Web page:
In spite of its impressive religious leadership, the city still has its own tensions and difficulties. “We had problems 10 years ago where religious extremists tried to derail the relationship between Jews and Muslims, but we have worked hard to get through it together,” said Assi. Years later in 2014, Assi went to Jerusalem with an interfaith coalition after the terrorist attack on a synagogue in the city’s Har Nof neighborhood that left four dead. Upon returning to Acco, Assi found that vandals, apparently angry at his calls for tolerance, had thrown acid on his car. In 2016, Assi retired from his position at al-Jazzar, but his successor is much less committed to interfaith dialogues. “The new imam is no longer going to go to churches and synagogues to wish people happy holidays,” Assi said sadly.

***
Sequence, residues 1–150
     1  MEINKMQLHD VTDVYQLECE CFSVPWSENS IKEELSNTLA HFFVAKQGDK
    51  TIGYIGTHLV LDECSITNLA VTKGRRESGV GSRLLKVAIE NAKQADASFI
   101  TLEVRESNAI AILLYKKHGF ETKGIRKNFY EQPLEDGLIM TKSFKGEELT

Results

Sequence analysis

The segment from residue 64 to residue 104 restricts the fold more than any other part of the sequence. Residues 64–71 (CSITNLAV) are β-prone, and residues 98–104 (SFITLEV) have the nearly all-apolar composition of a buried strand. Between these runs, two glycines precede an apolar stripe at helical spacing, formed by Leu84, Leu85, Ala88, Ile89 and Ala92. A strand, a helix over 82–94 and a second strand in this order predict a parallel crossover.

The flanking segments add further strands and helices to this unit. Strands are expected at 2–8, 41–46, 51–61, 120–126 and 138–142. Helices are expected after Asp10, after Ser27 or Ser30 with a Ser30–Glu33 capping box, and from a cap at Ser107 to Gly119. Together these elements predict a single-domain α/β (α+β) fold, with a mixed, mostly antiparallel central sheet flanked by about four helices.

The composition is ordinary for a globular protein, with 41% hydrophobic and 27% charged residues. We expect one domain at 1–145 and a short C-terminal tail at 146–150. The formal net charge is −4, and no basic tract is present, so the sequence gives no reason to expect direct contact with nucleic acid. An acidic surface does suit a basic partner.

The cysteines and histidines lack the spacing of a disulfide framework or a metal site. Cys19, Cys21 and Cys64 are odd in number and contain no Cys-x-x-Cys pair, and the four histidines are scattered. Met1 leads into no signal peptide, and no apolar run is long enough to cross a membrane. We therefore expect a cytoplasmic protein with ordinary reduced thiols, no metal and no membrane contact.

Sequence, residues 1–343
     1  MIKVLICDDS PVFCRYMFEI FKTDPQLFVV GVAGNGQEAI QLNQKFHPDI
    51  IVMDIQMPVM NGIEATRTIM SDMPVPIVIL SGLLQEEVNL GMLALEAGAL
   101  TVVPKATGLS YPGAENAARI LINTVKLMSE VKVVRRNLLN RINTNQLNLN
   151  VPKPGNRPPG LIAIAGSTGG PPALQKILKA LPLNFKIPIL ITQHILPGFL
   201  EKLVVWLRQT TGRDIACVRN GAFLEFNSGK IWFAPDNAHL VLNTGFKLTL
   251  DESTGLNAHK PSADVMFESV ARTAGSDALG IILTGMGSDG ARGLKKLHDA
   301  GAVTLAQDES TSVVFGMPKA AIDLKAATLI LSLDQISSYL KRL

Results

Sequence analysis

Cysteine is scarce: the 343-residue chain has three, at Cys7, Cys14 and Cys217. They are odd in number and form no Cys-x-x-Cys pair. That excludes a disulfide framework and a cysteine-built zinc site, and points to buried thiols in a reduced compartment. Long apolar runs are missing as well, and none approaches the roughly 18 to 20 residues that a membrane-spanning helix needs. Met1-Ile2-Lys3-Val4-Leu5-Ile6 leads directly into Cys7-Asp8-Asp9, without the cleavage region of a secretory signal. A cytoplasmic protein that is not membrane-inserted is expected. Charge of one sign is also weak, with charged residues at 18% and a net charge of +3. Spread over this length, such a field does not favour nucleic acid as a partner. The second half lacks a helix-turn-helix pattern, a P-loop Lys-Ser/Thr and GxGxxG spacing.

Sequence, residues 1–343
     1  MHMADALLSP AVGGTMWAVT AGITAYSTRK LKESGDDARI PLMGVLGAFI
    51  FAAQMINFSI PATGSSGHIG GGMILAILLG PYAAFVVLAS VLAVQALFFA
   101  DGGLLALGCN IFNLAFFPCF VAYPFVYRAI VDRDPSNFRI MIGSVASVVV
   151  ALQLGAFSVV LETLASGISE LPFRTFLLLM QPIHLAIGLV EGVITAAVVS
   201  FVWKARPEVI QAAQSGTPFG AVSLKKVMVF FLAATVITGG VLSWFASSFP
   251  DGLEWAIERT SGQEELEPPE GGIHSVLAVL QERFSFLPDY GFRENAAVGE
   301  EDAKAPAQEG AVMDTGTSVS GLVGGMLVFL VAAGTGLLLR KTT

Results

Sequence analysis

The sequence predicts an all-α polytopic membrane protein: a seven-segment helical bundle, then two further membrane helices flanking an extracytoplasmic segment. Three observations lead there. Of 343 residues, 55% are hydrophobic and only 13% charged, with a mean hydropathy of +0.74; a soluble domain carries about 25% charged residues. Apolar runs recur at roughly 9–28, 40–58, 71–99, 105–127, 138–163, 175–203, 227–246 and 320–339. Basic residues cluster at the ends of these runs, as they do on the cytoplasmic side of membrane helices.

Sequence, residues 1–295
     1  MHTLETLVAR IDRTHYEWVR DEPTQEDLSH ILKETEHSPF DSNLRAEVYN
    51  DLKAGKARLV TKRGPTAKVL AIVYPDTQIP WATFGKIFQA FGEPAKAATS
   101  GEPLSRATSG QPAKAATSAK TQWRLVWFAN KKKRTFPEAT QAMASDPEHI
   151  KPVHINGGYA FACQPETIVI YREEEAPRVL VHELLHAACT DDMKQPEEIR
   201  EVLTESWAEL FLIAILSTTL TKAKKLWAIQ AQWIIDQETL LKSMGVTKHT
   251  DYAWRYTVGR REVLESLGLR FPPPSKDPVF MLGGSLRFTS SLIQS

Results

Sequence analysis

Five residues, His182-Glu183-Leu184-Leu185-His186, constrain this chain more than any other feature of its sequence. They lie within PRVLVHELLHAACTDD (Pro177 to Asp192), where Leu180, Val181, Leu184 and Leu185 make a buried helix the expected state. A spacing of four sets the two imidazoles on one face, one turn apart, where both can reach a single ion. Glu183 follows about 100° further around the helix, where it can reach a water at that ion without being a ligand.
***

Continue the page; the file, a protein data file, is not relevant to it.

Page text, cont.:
But Assi and Yashar are undeterred. “Not everyone likes what we do, but we have to do it anyway,” said Assi. “It’s the only option.”

After the meeting concluded, we walked into Acco’s Old City to look at Assi’s mosque. The minaret glowed bright green, and children played football and danced on the street outside. It felt comfortable, even as the cold sea breeze swept over our sunburnt necks.

(Photo courtesy of Eleonore Voisard.)


In Tel Aviv, Jews join with Muslims in vigil mourning New Zealand dead

As published in Religion News Service (RNS)

TEL AVIV — Dozens gathered outside the New Zealand embassy in Tel Aviv Sunday night for a somber candlelight vigil to commemorate the victims of Friday’s (March 15) mass shootings at two mosques in Christchurch, New Zealand.